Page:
What makes a good website great? Your website’s success depends on you truly understanding where your best prospects are coming from and what they are interested in. Yet still, many publishers and business owners are reticent to embrace Google Analytics as part of their day-to-day practice.
Google Analytics is the most important web application in your arsenal for evaluating your site's performance. Analyzing the data and optimizing your site is key to growing your brand’s digital presence.
Analyzing data from your Google Analytics (GA) account can be daunting – especially since there’s SO much information to sift through. What follows is a list of must-use (and user-friendly) tools offered in your GA account, and how to use them to make data-driven decisions.
1. Audience Location
Google Analytics lets you hone in on your site's target audience by showing you exactly where your visitors are located. Not only does this help determine whether you're reaching the right demographic, but it also lets you adjust your marketing to fit the region with most of your brand followers.
You can then start producing content or creating ads specifically for the audience in that area to bolster their engagement with your site.
This GA tool lets you see how long a visitor on your site spends reading a web page. This will give you an idea of how attractive and useful a particular page is, and which pages need to be adjusted to better hold the reader's attention. This also shows the most popular pages on your site.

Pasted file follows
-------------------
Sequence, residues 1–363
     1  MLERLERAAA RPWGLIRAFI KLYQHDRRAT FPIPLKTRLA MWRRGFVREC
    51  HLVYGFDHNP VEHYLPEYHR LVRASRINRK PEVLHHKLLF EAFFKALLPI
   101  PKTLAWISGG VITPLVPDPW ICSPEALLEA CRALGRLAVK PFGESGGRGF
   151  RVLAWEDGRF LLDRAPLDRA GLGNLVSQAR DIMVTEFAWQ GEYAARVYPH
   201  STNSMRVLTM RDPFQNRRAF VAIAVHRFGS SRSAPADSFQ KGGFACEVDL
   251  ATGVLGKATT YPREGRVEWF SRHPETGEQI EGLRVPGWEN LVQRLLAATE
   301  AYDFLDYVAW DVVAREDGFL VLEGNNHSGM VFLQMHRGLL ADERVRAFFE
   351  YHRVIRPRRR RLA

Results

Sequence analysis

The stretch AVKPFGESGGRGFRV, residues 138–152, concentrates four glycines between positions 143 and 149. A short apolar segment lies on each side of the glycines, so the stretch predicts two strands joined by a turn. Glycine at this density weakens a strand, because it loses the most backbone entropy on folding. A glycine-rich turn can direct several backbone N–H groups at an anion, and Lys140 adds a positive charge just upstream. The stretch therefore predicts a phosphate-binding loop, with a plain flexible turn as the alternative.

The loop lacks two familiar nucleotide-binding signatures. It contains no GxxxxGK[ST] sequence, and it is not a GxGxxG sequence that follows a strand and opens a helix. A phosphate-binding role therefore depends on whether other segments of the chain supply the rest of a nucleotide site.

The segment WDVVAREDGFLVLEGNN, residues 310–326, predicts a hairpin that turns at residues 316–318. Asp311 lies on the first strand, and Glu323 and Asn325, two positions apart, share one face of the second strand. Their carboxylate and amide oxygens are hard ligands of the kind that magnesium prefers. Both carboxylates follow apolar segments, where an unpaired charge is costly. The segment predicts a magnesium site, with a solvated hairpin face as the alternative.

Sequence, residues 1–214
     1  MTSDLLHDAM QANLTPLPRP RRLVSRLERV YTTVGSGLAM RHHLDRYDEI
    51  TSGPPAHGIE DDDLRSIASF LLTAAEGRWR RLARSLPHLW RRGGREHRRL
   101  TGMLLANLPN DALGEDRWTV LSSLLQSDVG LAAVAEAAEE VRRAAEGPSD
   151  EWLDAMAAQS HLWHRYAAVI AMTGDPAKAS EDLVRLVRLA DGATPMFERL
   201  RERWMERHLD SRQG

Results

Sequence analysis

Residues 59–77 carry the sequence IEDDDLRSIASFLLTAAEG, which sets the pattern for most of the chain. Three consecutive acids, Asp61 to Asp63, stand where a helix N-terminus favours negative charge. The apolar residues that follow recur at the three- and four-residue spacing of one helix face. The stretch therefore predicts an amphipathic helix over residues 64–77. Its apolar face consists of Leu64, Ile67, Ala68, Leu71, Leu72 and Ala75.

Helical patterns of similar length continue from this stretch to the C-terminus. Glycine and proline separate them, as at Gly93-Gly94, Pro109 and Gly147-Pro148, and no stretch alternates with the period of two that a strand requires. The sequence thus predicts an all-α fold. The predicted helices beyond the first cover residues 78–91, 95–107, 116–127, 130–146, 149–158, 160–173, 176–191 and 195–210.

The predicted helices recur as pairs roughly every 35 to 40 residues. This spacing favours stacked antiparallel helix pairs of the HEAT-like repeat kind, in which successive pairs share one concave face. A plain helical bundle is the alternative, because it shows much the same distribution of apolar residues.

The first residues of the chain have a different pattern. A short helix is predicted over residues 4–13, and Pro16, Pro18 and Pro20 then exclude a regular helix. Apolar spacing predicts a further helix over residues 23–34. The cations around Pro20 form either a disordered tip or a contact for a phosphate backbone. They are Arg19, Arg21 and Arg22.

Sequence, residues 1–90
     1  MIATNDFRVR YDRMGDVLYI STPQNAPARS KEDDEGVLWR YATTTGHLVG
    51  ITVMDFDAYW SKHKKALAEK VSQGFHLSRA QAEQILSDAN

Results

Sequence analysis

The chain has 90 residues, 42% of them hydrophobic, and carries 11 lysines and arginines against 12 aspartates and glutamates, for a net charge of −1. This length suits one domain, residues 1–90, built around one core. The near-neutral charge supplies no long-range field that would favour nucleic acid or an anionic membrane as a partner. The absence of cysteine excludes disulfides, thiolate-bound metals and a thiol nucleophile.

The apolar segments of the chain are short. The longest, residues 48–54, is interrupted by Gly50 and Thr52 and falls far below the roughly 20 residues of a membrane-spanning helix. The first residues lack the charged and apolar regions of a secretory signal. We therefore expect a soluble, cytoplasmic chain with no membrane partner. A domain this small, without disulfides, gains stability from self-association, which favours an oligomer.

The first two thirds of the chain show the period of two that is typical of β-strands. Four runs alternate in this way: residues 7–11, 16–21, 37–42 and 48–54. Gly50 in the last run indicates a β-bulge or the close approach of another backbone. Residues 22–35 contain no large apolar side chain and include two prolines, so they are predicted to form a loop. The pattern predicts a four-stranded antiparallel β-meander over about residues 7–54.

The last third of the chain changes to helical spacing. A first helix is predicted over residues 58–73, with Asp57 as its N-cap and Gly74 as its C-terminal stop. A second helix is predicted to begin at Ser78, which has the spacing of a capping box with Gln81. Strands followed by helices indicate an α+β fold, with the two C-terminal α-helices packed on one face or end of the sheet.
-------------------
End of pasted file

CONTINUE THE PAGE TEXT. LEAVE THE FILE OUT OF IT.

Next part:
3. Mobile Traffic
GA measures the popularity of your website for visitors who use their mobile phones to search the web. It serves as an indicator of how popular the mobile version of your site is, and whether improvements are necessary to make it easier to access the site. Speed is a big consideration; mobile users like their content served fast. If more people are using mobile devices when visiting your site, content may need to be adjusted to make it mobile-friendly first.
4. Source of Traffic
People find websites through direct links, social media, referrals, or organic searches. You can use Google Analytics to determine which particular source provides the best traffic for your site, and what other avenues you can make use of to increase the traffic to your site.
5. Social Value
This is a new feature provided by Google which presents a chart outlining the social value of a website. The aim of this tool is to track how social traffic results in web conversions for your site. For instance: a visitor may watch a video, read a blog or have an online conversation about one of your products, and that may result in a purchase through your site.
This measurement bases itself on the URL destination of the purchase, the duration of the visit to your site, the number of pages visited by the customer, and the subsequent downloads or click-throughs resulting in business for your site. The social value of your site is then converted into a monetary value for easy reference.
6. Off-Site Activity
Google now partners with some of the most popular social platforms to provide an idea of the off-site activity relating to your site and products. The aim is to present an insight into which parts of your site and which pages are driving the most social response.
In order to make this tool work, Google has partnered with Digg, Reddit, Facebook, Twitter, StumbleUpon, and many other sites which are usually at the forefront of audience engagement. Together they present a comprehensive view of what captures the most audience interest.
How are you gathering your website’s monthly reporting data? Are you using Google Analytics to understand your site's metrics and general performance? Time is usually the marketing professional’s worst enemy; extend your marketing team’s power! Consult with our marketing experts today to build a reporting template that your entire team can follow.